St Anne’s rose window in pride of place in chapel

2009-11-17 00:00

“A WORK of discovery” is how the creators of the beautiful rose window, now in pride of place in the St Anne’s Diocesan College Chapel, view their work.

Hunter and Ruth Nesbit of Port Elizabeth were chosen to create the three metre stained glass window after the school put the project out for tender in 2008. Space had been left for the window when the chapel was extended in 2007.

Cabinetmaker Hugo Partridge created the wooden frame after the school had decided it wanted a wooden rather than a stone frame for the window.

A brief was then given to artists to “create a stained glass window, both abstract and realistic in design, along a theme of nurturing and formation”.

In response, the Nesbits designed a window with 12 angels holding 12 symbols representing love, self-control, patience, peace, humility, strength, kindness, gentleness, joy, grace, hope and faithfulness.

The Hilton daisy is repeated around the window, as are 12 abstract forms of nurturing on the perimeter, and the centre circle panel represents earth, wind, fire and water.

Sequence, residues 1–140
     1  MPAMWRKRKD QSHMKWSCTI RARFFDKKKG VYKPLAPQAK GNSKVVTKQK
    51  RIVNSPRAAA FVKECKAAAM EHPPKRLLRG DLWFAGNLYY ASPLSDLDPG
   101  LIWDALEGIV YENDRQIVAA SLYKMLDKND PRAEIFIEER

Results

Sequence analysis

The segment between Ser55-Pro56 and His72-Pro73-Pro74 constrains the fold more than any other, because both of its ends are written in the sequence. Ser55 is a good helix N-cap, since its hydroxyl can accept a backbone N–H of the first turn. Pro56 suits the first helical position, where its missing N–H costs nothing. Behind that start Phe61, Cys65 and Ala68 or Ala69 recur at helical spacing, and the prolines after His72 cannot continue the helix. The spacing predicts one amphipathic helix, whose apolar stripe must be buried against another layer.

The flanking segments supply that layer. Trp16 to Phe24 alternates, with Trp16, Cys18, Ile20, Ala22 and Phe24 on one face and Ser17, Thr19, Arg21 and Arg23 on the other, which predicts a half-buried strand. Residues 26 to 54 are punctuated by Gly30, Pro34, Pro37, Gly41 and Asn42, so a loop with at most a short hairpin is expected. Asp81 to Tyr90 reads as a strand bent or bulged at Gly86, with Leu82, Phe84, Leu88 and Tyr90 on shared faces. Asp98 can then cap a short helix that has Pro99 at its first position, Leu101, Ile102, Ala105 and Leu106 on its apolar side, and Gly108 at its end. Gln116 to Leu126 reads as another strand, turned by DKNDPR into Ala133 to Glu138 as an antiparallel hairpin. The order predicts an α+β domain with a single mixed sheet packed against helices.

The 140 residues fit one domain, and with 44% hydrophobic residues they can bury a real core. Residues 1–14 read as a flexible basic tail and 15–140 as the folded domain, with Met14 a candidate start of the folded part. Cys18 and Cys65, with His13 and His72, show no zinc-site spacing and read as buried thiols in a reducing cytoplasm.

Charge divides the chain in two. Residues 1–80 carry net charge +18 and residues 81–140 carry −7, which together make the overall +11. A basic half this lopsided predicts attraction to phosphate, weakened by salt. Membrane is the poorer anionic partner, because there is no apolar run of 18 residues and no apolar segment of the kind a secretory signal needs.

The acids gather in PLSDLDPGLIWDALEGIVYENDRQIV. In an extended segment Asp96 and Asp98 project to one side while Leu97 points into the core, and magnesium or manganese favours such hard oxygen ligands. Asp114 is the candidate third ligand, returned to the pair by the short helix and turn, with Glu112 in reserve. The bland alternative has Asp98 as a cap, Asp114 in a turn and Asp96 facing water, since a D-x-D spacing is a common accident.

Commenting on the designs, which were sourced from east, west and southern Africa and cross-referenced, where possible, with international Christian symbols, school chaplain Stuart Mennigke said: “We want people to interact with the window and discuss it.”

The window, which was blessed with incense and holy water by the Bishop of Natal, the Right Reverend Rubin Phillip, during a special ser­vice on Friday last week, was described by head teacher of St Anne’s, David Wilkinson, as “the most beautiful piece of work”. He added that it would enhance worship in the cha­pel.

Wilkinson was honoured at the service when the bishop invested him with the Order of the Holy Nati­vity.

The order, the highest bestowed on lay people in the Diocese of Natal, is given to people who “point others to the way of Christ and show a wil­lingness to become more Christ-like”.

As head of a Diocesan College, Wilkinson is also a lay minister in the Anglican Church, and at St Anne’s has fulfilled that ministry as a minister of the Eucharist, preaching regularly and taking services. He sees spiritual formation of children as a major part of holistic education.

Presenting him with the order, Phillip said: “David Wilkinson is a fine example of Christian giving and a worthy recipient of this order.”

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